A Two-Way Relationship – Collaborating with Scholars in the Gale Fellowship Program

│By Chris Houghton, Head of Academic Partnerships│

The Gale Fellowship program is now in its third year of providing financial support, training, archival access and professional opportunities for scholars around the world. In 2022, Gale developed its Fellowship program to provide opportunities for scholars in Asia and Australasia to apply for full funding for a three-month residential stay at Oxford University, in partnership with the Bodleian Library.

Successful applicants to the Gale Scholar Asia Pacific, Digital Humanities Oxford Fellowship are guests at Jesus College and given full access to the vast resources of the Bodleian. Alongside this, the Fellows are provided with extensive training and support from Gale in Gale Primary Sources and Gale Digital Scholar Lab to aid their professional development in digital humanities research methods.

Scholarly Opportunities

Alongside the residential Fellowships at Oxford, Gale funds ten non-residential fellowships every year in partnership with various scholarly societies or organisations around the world. The aims are the same across all the Fellowships: to give scholarly opportunities to academics who might otherwise struggle to access certain collections; to support and encourage innovative research; and to provide a wider audience for their work.

Gale is always mindful of its responsibilities to the global academic community. In an era of increasing academic precarity and challenges for the Arts and Humanities around the world, Gale has been proud to sponsor academic conferences and events, funding prizes and advocating widely for the value of humanities education.

Image of website banner for Gale Primary Sources
Gale Primary Sources archives are made available for non-residential fellows to support their research.

Since Covid, access to physical archives has become more of a challenge, with visits costing scholars many thousands of dollars, if access is available at all. Naturally, these challenges are more acute the further a scholar lives from the archives they want to access, hence the focus on Asian and Australasian academics for the Gale/Oxford Fellowships. Gale’s aim is to support the growing focus for collaboration between scholars around the world, especially increasing the opportunities for partnerships between the Global North and Global South.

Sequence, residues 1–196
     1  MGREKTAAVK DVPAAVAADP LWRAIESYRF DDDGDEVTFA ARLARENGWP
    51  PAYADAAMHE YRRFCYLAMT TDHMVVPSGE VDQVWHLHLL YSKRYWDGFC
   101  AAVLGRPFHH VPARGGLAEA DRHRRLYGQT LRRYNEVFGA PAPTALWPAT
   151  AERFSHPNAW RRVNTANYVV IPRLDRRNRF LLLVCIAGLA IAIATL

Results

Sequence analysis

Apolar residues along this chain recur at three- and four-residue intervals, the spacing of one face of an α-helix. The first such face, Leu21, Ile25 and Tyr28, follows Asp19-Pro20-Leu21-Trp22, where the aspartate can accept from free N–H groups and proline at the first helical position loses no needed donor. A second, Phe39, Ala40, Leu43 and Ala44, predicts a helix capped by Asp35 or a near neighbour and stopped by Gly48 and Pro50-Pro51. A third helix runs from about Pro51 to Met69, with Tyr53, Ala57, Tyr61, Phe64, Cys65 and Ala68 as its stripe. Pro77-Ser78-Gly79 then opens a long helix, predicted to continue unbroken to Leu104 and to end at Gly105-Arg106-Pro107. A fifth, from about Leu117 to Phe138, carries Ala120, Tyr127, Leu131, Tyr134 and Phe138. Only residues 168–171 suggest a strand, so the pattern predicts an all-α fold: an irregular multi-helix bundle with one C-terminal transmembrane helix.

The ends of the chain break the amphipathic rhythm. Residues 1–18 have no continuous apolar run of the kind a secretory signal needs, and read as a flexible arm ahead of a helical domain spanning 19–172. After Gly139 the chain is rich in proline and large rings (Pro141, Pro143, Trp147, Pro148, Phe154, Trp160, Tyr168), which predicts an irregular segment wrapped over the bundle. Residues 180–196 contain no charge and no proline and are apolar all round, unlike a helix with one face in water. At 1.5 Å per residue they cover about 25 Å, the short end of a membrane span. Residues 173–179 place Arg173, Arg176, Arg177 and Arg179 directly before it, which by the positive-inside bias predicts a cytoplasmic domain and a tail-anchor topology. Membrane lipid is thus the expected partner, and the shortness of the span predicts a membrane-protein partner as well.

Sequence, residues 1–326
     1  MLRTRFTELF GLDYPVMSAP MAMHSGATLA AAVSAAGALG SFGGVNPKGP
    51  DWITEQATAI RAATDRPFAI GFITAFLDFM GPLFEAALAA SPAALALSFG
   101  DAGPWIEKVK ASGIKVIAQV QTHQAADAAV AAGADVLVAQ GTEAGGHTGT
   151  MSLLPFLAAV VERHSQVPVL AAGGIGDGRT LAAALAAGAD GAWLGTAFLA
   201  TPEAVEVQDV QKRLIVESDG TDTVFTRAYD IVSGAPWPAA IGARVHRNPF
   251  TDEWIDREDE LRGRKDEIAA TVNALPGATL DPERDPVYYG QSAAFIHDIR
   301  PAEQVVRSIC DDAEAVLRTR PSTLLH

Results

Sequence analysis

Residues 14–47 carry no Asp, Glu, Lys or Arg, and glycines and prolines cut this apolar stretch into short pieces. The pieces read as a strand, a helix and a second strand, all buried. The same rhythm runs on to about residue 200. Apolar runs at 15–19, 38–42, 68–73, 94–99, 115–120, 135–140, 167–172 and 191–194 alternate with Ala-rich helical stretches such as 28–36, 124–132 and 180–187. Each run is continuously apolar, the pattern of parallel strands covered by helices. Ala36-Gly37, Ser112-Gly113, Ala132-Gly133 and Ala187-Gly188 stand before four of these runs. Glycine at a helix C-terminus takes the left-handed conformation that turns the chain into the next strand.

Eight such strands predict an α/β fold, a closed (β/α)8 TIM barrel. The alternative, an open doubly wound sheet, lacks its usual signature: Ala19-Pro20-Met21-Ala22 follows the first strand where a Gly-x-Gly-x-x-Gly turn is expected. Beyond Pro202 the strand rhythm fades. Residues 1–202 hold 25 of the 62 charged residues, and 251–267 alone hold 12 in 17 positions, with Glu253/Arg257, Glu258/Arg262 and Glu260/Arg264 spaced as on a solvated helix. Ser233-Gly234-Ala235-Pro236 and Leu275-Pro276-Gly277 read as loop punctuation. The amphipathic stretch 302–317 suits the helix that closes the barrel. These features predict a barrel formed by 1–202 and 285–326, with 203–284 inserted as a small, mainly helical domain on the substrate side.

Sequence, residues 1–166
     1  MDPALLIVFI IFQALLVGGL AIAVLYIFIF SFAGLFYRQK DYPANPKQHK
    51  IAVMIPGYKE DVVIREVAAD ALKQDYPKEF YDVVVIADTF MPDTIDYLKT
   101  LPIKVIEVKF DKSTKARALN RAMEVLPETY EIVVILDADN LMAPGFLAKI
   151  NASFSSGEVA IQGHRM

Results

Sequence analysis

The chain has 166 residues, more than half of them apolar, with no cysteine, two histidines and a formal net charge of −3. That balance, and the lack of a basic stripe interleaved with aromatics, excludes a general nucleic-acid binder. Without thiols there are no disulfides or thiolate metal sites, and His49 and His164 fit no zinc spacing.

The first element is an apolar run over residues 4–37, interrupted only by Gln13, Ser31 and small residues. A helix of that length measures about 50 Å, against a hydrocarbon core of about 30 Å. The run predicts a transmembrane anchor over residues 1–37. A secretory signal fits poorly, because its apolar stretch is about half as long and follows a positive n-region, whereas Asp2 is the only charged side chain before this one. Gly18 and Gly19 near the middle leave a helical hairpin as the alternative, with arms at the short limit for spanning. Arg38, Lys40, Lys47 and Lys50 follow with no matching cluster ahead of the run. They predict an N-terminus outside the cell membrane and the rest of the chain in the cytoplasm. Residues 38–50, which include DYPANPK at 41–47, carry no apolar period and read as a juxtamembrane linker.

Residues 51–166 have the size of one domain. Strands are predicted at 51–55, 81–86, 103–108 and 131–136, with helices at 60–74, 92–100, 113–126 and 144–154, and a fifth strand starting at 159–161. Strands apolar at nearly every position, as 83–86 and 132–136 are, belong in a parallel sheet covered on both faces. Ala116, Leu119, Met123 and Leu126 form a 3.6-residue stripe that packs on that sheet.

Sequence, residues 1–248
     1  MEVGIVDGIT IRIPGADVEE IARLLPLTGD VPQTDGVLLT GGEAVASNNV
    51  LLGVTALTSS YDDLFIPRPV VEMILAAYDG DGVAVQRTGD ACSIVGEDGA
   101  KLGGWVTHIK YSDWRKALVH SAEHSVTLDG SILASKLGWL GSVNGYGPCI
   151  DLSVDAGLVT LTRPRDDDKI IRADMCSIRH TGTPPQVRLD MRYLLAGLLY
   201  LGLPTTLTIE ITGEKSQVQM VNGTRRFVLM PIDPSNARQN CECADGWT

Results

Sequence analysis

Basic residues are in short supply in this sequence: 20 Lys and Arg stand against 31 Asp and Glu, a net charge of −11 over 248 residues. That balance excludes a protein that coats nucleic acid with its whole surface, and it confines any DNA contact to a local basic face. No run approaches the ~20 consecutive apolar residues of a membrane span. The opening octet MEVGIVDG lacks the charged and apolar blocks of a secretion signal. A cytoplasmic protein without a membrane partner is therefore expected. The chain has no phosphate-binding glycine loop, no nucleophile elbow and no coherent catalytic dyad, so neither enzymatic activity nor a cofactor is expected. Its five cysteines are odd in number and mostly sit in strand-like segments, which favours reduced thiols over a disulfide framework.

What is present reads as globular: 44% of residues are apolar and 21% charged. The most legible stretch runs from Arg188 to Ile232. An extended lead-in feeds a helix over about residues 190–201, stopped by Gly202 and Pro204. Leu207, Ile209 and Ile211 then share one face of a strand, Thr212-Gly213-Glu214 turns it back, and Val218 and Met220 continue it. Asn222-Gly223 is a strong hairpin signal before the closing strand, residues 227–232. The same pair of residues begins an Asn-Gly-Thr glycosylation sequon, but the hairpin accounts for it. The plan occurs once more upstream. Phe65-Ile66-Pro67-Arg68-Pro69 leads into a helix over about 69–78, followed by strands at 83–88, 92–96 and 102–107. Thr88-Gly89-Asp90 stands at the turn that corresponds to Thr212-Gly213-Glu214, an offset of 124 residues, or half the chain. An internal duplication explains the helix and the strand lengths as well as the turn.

Currently, Gale are excited to support Professor Chou Wu from Beijing Normal University in her work to visualise the Global Communication of Knowledge of the Jesuits in the 16th and 17th centuries, and Professor Paul Pickering from Australian National University in his research into Australia’s Empire. Professors Wu and Pickering will be presenting their work alongside other visiting Oxford scholars in a lunchtime workshop on Wednesday 17th July 2024.

Non-Residential Fellowships

Every year, Gale funds the research of ten scholars and provides access to a suite of Gale Primary Sources archives and Gale Digital Scholar Lab. These fellowships are organised in partnership with various scholarly societies or academic organisations:

  • The American Society for Eighteenth Century Studies and Committee on LGBT History in 2022
  • North American Committee on British Studies and Association of Asian Studies in 2023
  • American Society for Environmental History, Society for Historians of American Foreign Relations and European Society for Environmental Historians in 2024.